Discover your inner Jedi with the Star Wars diet
As the Jedi, Wookiees and Hutts rough it out in the desert, Chris Newbould draws up some elaborate meal options for their presumably varied tastes, using the combined force of five expert chefs from across the UAE
We don’t know who’s catering the Star Wars shoot in the Abu Dhabi desert, but we do know that it can’t be an easy job cooking for such a mixed bunch of intergalactic warriors. From health-conscious Jedi to ravenous Wookiees, innumerable alien races and even a number of robots, the poor caterers have wildly different tastes to satisfy. Not only that, but because they have to cook it all in the unfriendly desert environment, it needs to be nutritious if our heroes (and villains) are going to be able to go about the daily grind of intergalactic warfare and it needs to be able to stay tasty while sitting for hours between battles. Or shoots. We asked some of the leading chefs from the UAE how they would cope in this situation.
Darine El Khatib, Fatafeat channel director and TV chef
Bread and cheese – you just have to keep it simple in these situations.
Jeffrey Whitfield, head chef of Cravin’ Cajun at Novotel Dubai Al Barsha
• Starter: Death Star crab cake. This crab cake gives you the power to destroy entire planets. Nutritional and hearty, it is the perfect start to any battle – the ultimate food weapon.
• Main: Seafood Jambalaya the Hutt. Made specifically for The Hutt species, full of crustaceans and protein, this is the meal that will set you up for a hard day’s work.
• Dessert: Dagobah-nana Foster Pain Perdu. Bananas sourced from the swamps of forests of the outer rim planet Dagobah served with extra sweetness for all the energy needed.
Owen Lloyd, executive chef at Jazz@PizzaExpress
• Starter: Inter-garlic-tic bread – the perfect entrée when having to tackle Imperial Stormtroopers.
• Side: Millennium Falcon salad with extra rocket(s) – oodles of Parmesan, extra virgin olive oil and balsamic syrup, because taking down a fleet of TIE Fighters requires something extra special.
• Main: Pollo ad Asteroid (Astra) – with generous amounts of chicken, light mozzarella, sweet Peppadew peppers, Cajun spice, garlic oil and red onions, you will take flight at the speed of light through the toughest asteroid field.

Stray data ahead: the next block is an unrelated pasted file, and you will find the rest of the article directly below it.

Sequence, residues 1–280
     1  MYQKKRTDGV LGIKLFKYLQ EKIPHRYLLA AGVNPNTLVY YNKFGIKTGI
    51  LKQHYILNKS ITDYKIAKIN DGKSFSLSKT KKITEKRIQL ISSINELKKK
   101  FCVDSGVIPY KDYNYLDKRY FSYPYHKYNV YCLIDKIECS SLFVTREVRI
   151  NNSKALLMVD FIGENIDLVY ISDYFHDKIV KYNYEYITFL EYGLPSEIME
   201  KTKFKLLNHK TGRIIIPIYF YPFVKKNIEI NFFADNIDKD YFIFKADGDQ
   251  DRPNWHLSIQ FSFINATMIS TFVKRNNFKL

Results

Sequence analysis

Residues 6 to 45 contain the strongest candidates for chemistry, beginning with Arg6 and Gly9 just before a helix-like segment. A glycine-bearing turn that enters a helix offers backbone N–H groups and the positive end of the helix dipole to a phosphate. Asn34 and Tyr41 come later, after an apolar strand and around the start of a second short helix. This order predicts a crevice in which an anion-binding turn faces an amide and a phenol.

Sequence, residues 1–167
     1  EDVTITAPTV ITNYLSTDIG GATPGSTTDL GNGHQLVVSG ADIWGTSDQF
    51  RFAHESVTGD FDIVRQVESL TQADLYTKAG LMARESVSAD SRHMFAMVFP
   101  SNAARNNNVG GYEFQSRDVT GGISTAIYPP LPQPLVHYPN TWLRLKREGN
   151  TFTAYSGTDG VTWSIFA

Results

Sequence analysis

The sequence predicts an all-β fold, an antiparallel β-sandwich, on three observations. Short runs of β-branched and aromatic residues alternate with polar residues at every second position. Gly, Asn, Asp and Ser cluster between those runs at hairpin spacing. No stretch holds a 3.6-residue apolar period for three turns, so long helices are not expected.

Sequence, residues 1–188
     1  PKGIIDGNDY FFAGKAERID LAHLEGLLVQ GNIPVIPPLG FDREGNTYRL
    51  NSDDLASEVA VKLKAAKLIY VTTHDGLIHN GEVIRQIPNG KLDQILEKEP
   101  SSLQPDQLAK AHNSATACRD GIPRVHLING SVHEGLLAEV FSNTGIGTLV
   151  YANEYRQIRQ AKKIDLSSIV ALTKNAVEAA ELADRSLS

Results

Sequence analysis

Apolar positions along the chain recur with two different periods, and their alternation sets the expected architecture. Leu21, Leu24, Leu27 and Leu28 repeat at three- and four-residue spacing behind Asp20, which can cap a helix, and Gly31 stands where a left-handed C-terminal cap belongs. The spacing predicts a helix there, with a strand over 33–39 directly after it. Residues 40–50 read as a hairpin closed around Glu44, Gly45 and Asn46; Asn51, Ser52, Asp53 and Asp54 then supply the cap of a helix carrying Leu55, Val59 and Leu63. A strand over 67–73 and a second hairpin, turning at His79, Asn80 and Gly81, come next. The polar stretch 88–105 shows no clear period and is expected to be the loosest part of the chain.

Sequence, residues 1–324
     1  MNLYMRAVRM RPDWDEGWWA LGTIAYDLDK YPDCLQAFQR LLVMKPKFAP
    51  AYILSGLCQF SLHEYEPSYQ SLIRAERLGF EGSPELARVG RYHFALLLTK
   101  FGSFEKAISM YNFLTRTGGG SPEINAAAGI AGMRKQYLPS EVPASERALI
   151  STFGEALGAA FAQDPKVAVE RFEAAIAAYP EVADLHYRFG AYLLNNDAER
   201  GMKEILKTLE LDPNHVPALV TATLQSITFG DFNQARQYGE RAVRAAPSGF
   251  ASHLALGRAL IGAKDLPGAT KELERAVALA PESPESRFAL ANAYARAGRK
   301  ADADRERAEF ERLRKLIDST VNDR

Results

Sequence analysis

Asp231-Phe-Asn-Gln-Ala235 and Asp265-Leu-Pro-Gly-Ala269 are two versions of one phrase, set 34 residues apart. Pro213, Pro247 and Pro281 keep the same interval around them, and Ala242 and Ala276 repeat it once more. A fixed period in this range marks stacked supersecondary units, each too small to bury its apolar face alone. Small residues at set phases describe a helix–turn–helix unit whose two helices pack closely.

Cladys Magagna, executive chef at Fairmont Bab Al Bahr and the current Gourmet Abu Dhabi Executive Chef of the Year
To ensure we get the right nutrition to win the battle, I recommend a good balance of protein, carbohydrate and good fat.
Considering the weather in the desert, South African biltong made from beef and chicken and kusaya, a Japanese dry fish, very rich in vitamins and amino acids, are both great snacks to have at all times. A variety of dry fruits, such as dates, is mandatory.
Organic granola, made with spelt or whole oats that are full of fibre, high in protein, vitamins and minerals such as iron and magnesium, is a good bust of energy to fight the aliens.
The queen of healthy snacks, almonds, which are second to none in nutritional value, can be used to distract the enemy.
If we add some preserved tomatoes and basil sauce in sealed jars, extra virgin olive oil, capers, anchovies, mustard, olives, whole-wheat sliced bread and a variety of organic, low-in-sodium canned products such as tuna, we can prepare some great and healthy sandwiches for months. With the above ingredients, we must add a great quality of dry pasta and risotto, which can be cooked right there in the desert.
Sugar-free cookies, meringue and honey will be the closing chapter for the meal.
Michelle Mueller, chef, The Cafe, Park Hyatt Abu Dhabi
I would cook hangi. This is a traditional New Zealand Maori method of cooking food, using heated rocks buried in a pit oven, still used for special occasions.
Dig a hole in the sand deep enough for the food and the stones to be inside. Once the fire is lit, pile volcanic stones on top of it. It takes approximately three-and-a-half hours for the stones to become really hot (they should turn white).
You should have two holes, one to heat the stones and the other to cook in later. The burnt ash from the wood fire could leave a smoky flavour to the food, which you don’t want. Once the stones are hot and white, they should be placed in the second hole as fast as possible, so as not to lose any heat on the way.
As we are in the local desert, I would suggest camel, lamb meat and chicken. Also some vegetables such as potatoes, carrots and pumpkin. Don’t cut the vegetables too small as they would overcook. Season the food with salt and pepper and some herbs, and wrap tightly in aluminium foil.
Once the stones are placed side by side in the hole, with no room for the heat to escape, gently slap the hot rocks with wet sacks, creating steam. Place the food on the hot stones – the meat is directly on the stones, while the vegetable is the second layer.
Cover the food with a wet sheet, then place wet sacks over the food. Next, cover the sacks with sand, making sure no dirt will cave onto the stones or food, and leave to cook.
Published: May 27, 2014 04:00 AM